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Final Ioc Preparations – the Handover


As the day of operation gets closer, the schedule should be commercially optimised. That is, the airline has achieved its desired commercial objectives (such as market share, load factor, service levels, etc.) and produced a robust schedule. In addition, all the associated preparatory resources should be fully organised and prepared. Several days from the day of operations (anywhere from 72 hours to perhaps 14 or so days) the IOC takes over the responsibility to fine-tune the plan. In this sense the commercial schedule is being ‘operationalised’, ensuring that planned maintenance work can be achieved, airport ground-handling capabilities can be met, and that crew pairings and hence rosters satisfy the flying commitments. This window is the time for allocating the aircraft fleet units to the flight patterns that make up the schedule. For international operations in particular, this is most important as aircraft then become committed to patterns that may take them away from the airline’s main bases (and therefore, maintenance support) for several days at a time.

The expectation prior to the day of operations is that nothing will be left undone or left to chance. Of course, despite the concerted efforts that lead to this moment, there is always some level of disjoint between the assembly of planned measures and what is actually needed to ensure the highest levels of achievement. Hence, there may be some further manipulation of the schedule to suit contingencies such as operational requirements (e.g., performance issues), environmental issues (e.g., high temperatures, strong winds as discussed above) or perhaps recently issued NOTAMs. Lurking beyond these normal circumstances, of course, are other threats or potentially disruptive situations such as brewing industrial action, political or social unrest, or materialising weather patterns, any of which may serve to affect the schedules about to occur.

The Handover

With the planning events completed, the final point of note is the handover that takes place once, twice or more each day at numerous locations in the IOC. The outgoing shift may have had a quiet day or night or, alternatively, may have suffered considerable effort with resulting high stress levels due to a series of complex multi-disruptive events. Either way, the handover to the incoming Controller needs to capture the essence of what will drive the next shift. As a result, the briefing usually consists of a recorded (electronic or otherwise) synopsis of events and current or potential status of the airline’s operations. Background information would be also available through suitably recorded data, should a historical record be needed.

The handover covers information of primary importance such as following:

  • a) overall state of the network operation;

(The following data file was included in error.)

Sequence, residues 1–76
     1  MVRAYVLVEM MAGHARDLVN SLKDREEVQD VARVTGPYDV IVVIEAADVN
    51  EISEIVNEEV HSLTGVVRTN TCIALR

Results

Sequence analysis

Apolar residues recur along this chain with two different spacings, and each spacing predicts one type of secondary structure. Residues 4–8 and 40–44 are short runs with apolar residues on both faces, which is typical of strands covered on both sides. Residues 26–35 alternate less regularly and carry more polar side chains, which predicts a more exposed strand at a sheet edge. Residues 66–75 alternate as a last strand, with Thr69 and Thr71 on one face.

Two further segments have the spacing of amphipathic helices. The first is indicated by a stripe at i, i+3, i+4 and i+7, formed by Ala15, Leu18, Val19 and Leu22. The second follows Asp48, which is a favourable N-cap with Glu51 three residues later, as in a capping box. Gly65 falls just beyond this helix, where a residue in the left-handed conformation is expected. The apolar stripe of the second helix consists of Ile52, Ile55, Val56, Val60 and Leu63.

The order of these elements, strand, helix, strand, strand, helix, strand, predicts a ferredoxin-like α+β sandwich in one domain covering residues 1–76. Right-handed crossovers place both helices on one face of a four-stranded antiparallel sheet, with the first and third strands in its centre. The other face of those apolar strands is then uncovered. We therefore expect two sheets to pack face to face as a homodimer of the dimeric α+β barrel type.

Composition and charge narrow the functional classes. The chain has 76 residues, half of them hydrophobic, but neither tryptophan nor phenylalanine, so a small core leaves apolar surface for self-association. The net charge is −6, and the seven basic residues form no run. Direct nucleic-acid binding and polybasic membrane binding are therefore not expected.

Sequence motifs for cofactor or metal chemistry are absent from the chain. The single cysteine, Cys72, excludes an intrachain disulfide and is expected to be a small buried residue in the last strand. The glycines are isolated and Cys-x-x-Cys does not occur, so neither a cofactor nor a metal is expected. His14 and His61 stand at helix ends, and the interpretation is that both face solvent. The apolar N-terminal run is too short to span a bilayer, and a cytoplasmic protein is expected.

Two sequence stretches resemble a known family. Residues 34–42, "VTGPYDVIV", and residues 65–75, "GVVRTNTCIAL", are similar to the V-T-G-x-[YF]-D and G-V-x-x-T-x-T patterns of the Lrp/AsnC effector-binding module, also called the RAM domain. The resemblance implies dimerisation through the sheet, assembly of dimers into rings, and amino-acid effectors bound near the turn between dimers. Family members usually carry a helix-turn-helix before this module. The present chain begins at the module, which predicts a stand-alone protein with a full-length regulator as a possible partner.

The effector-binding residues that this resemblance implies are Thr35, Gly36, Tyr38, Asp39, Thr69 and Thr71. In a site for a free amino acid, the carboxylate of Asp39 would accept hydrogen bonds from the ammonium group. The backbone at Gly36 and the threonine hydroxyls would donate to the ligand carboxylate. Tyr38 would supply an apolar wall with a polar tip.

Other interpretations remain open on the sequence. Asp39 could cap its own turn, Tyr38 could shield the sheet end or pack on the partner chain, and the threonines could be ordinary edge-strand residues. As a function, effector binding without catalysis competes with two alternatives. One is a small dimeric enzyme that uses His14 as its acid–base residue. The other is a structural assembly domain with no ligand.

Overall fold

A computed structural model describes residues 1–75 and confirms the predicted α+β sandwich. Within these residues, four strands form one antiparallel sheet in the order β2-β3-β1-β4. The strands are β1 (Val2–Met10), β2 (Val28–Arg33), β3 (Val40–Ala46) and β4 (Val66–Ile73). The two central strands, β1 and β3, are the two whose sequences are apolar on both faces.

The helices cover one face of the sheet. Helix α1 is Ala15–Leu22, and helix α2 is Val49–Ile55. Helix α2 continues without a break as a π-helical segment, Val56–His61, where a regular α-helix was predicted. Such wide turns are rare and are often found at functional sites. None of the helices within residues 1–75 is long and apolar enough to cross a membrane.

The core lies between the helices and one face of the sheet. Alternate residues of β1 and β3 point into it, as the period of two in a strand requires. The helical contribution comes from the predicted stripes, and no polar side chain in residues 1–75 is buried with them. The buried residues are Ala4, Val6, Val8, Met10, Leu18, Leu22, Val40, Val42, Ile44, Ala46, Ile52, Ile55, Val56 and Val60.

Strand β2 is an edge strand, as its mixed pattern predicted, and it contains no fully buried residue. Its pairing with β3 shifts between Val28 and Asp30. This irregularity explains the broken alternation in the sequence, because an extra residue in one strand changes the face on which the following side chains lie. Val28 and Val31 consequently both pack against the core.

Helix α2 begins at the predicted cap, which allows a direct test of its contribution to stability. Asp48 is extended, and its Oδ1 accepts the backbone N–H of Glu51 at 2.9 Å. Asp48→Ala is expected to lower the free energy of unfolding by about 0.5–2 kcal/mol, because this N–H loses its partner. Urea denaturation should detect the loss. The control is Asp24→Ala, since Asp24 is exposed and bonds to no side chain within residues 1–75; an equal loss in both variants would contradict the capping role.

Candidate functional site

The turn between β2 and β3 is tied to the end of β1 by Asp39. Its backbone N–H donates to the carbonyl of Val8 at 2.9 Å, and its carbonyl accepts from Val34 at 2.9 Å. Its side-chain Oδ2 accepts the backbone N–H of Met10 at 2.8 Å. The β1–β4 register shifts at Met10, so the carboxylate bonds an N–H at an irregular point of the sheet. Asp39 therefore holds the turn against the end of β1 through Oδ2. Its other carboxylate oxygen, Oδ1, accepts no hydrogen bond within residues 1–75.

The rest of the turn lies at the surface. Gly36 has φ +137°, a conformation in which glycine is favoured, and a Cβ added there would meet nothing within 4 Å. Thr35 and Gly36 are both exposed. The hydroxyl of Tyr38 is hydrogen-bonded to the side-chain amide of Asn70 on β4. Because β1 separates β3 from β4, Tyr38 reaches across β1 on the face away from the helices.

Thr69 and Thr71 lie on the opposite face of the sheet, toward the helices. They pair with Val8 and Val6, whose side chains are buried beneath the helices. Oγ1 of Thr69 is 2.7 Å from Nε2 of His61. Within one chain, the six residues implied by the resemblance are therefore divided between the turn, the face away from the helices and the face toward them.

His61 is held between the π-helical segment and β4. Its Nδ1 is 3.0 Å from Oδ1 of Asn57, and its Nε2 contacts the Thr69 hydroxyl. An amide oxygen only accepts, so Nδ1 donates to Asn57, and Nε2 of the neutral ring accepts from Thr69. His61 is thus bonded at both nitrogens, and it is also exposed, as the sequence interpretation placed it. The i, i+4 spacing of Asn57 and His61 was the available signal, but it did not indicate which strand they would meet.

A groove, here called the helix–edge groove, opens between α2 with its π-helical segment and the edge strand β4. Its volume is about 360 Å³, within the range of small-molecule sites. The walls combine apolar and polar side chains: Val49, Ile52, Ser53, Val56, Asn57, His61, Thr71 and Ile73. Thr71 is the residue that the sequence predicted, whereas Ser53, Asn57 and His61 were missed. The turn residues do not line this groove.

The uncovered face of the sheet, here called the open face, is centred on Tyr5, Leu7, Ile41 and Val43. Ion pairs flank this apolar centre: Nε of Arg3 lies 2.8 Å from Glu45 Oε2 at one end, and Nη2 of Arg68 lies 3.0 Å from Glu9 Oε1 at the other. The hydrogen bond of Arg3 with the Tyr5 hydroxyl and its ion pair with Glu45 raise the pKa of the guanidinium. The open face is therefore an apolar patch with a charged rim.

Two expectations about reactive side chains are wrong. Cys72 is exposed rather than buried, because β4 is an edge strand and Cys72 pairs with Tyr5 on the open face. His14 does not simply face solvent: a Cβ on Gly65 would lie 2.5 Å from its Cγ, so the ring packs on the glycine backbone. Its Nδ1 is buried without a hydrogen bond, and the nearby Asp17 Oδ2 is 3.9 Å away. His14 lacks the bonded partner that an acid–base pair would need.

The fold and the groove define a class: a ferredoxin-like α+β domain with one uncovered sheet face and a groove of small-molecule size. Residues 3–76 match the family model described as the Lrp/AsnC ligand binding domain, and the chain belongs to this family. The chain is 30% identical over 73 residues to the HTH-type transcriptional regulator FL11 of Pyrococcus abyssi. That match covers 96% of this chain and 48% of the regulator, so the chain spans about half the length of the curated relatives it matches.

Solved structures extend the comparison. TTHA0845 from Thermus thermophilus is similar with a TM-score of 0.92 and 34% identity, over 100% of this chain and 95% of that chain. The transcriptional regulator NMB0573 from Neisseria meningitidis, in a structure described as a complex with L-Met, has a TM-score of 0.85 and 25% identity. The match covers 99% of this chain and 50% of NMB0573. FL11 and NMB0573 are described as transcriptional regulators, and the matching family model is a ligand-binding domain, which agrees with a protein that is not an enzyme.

• b) significant delays, diversions or cancellations;
  • c) the condition of all the fleet units (i.e., serviceability, defects, limitations, requirements) - this includes aircraft currently under maintenance but perhaps due to return to line flying during the day;
  • d) non-standard operations - this could include charters (e.g., Antarctic sightseeing), high traffic volume for religious events, or even critical long-haul flights;
  • e) airport equipment or facilities (e.g., navigational equipment - the loss of an instrument landing system (ILS) may limit an approach procedure); unserviceable GPUs - this is very significant should an aircraft with a U/S APU be scheduled to visit an airport with a U/S GPU, as there may not be any support on the ground for engine start among other needs; unserviceable aerobridges; and fuel availability);
  • f) any runway, taxiway closure or works, any NOTAMs affecting current of forthcoming operations;
  • g) weather conditions - both current or expected (e.g., forecast of thunderstorms on the day, or fog overnight);
  • h) commercial issues (groups travelling, VIPs, CIPs) such as prime flights to be protected, high or low load factors, and any potential offload situations;
  • i) staffing or other resource issues;
  • j) other miscellaneous issues.


  • 1 Wu, C.-L. 2010. Airline Operations and Delay Management, Farnham, Ashgate.
  • 2 Ibid.
  • 3 Bazargan, M. 2010. Airline Operations and Scheduling, Farnham, Ashgate.
  • 4 IATA Worldwide Slot Guidelines, Part 1: Policy
  • 5 For a more complete description of aircraft weight definitions and limitations, see Avery, P. 2018. Aircraft load planning and control, in PJ. Bruce, Y. Gao and J.M.C. King (eds) Airline Operations: A practical guide, Abingdon, Roudedge, pp. 220-238.
  • 6 For a more complete description of ETOPS, particularly related to Dispatch and flight planning requirements, see Kim, G. 2018. Dispatch and flight following, in PJ. Bruce, Y. Gao and J.M.C. King (eds) Airline Operations: A practical guide, Abingdon, Roudedge, 239-253.
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